2021 was a year of change and growth for ACLEI. As new agencies came within our jurisdiction, we expanded rapidly, introduced more specialist officers in key areas and undertook preparatory work to support the creation of a broader anti–corruption commission.

This process of evolution will continue in 2022 and 2023 with the Government's commitment to legislate to establish the National Anti–Corruption Commission (NACC) in 2022. ACLEI will continue our work to prepare for the implementation of the NACC while ensuring we deliver on our core functions under the LEIC Act.

Finally, even though we have grown considerably over the last year, ACLEI is still a small agency. Given this, it is timely to recognise our dedicated and expert staff who enable us to achieve all that we have at ACLEI.

Signature

 

 

 

 

Jaala Hinchcliffe

Integrity Commissioner

Our purpose and objective

Our purpose is to make it more difficult for corruption to occur or remain undetected in the Australian Government law enforcement agencies that we oversee.

Our objective is to provide independent assurance to the Australian Government that Commonwealth law enforcement agencies and their staff act with integrity by detecting, investigating and preventing corruption.

Our values

At ACLEI, we believe that culture is not something that happens to us but is the outcome of the way we behave and interact with one another. The ACLEI values guide our behaviours and attitudes in the workplace. The ACLEI values are:

Values

 

Our jurisdiction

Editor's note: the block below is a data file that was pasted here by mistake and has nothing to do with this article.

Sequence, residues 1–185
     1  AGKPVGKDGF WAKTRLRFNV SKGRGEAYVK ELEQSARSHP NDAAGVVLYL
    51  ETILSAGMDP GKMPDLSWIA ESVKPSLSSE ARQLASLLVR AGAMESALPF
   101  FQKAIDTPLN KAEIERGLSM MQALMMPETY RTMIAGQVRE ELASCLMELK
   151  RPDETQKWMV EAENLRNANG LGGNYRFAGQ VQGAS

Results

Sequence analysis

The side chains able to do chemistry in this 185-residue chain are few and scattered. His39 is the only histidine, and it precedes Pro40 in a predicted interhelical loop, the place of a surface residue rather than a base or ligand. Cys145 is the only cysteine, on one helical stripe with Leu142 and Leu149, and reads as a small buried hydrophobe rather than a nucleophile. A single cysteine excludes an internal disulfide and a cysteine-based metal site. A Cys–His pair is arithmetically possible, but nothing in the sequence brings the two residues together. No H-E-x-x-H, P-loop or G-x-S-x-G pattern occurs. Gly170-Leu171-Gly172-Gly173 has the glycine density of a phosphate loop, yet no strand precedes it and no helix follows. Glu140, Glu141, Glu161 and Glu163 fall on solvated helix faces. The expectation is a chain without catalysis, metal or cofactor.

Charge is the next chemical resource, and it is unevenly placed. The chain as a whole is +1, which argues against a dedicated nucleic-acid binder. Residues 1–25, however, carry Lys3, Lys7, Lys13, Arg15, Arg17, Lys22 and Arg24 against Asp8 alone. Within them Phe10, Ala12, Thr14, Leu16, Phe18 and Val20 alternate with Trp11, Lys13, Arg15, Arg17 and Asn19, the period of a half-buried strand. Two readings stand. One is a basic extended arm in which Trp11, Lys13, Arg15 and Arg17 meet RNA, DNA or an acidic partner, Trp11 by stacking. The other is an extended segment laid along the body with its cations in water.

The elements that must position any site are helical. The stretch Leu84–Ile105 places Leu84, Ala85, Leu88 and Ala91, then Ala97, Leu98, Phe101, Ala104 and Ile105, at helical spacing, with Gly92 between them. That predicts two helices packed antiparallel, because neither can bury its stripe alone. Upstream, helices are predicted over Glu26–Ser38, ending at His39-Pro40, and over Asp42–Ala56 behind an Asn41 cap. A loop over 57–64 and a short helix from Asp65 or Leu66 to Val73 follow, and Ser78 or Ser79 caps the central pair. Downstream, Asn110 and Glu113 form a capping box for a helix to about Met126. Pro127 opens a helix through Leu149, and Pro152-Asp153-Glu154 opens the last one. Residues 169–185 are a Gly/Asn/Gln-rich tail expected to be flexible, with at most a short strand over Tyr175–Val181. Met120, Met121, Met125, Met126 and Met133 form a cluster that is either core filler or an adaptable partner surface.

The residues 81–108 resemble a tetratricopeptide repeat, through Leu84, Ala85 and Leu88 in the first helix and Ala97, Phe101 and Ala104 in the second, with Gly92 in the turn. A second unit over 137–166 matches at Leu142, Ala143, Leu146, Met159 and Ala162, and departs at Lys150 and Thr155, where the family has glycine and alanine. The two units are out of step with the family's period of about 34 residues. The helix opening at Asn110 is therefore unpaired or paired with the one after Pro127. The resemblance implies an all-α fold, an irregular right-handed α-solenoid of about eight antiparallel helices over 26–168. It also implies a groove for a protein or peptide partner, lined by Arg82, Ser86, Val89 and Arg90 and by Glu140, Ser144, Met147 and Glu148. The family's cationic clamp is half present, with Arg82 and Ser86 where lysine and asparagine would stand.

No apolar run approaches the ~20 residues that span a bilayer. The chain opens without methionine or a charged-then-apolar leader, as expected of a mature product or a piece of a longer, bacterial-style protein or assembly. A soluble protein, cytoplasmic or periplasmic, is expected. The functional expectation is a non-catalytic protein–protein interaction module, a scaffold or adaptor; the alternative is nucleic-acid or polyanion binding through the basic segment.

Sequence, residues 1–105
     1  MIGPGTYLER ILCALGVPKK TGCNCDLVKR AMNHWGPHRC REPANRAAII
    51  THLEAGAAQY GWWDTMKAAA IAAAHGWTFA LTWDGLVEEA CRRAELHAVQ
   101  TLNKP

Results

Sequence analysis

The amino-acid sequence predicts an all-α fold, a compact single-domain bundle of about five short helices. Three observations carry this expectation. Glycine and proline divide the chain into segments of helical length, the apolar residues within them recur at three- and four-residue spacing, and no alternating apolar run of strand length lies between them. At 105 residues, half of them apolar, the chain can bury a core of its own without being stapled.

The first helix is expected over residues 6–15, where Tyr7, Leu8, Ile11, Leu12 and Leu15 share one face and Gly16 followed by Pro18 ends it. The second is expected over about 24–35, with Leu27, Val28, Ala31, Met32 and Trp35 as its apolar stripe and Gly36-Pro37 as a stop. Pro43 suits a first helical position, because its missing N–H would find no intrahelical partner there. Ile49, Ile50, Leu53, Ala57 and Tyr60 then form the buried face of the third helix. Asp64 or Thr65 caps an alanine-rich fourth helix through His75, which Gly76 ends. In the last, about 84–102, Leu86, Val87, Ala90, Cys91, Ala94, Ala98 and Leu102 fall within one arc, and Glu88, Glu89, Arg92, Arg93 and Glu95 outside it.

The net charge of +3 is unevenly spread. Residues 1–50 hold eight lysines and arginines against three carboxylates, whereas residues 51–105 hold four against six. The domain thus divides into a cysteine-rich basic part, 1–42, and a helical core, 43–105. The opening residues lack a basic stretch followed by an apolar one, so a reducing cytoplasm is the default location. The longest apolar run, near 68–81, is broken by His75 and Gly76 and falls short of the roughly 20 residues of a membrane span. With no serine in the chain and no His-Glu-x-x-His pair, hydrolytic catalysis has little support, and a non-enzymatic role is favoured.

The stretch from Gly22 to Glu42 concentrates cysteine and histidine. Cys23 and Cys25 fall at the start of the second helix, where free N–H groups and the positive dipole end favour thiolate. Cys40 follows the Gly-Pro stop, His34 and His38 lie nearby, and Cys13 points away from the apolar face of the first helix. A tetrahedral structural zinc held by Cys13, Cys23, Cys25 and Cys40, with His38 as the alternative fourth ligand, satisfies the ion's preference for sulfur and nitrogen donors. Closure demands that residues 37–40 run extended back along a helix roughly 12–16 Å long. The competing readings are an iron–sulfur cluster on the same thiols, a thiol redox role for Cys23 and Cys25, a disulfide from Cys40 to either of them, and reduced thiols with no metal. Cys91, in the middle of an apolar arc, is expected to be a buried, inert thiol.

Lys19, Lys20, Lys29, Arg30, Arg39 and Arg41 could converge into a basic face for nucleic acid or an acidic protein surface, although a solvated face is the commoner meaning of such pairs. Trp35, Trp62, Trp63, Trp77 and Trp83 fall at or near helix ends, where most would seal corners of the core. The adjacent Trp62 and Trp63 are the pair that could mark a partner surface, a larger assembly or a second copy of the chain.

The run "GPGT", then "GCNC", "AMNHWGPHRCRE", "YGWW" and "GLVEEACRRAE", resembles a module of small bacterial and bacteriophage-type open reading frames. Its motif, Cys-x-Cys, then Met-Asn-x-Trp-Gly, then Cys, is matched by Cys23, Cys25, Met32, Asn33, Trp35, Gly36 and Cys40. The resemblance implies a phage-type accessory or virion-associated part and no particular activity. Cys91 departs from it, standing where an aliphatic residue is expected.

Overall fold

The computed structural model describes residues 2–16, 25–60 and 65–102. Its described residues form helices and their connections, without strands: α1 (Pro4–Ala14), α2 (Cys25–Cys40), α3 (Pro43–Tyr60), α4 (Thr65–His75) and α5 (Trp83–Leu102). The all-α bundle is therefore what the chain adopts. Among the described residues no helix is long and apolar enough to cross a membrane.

Under the LEIC Act, ACLEI investigates allegations of corruption in the following agencies:

  • Australian Criminal Intelligence Commission (ACIC)
  • Australian Federal Police (AFP) including ACT Policing
  • Australian Transaction Reports and Analysis Centre (AUSTRAC)
  • Department of Home Affairs (Home Affairs) including the Australian Border Force, and
  • prescribed parts of the Department of Agriculture, Fisheries and Forestry (DAFF).

In addition, amendments to the Law Enforcement Integrity Commissioner Regulations 2017 (LEIC Regulations) expanded ACLEI's jurisdiction to include conduct of staff members which relates to the performance of a law enforcement function of the following agencies:

  • Australian Competition and Consumer Commission (ACCC)
  • Australian Prudential Regulation Authority (APRA)
  • Australian Securities and Investments Commission (ASIC)
  • Australian Taxation Office (ATO), and
  • the Office of the Special Investigator (OSI).

An allegation will fall within ACLEI's jurisdiction if it is a corruption issue. A corruption issue is defined in section 7 of the LEIC Act as follows:

  1. For the purposes of this Act, a corruption issue is an issue whether a person who is, or has been, a staff member of a law enforcement agency:
    1. has, or may have, engaged in corrupt conduct
    2. is, or may be, engaging in corrupt conduct
    3. will, or may at any time in the future engage in corrupt conduct
  2. To avoid doubt, an allegation, or information, may raise a corruption issue even if the identity of the person is unknown, is uncertain or is not disclosed in the allegation or information.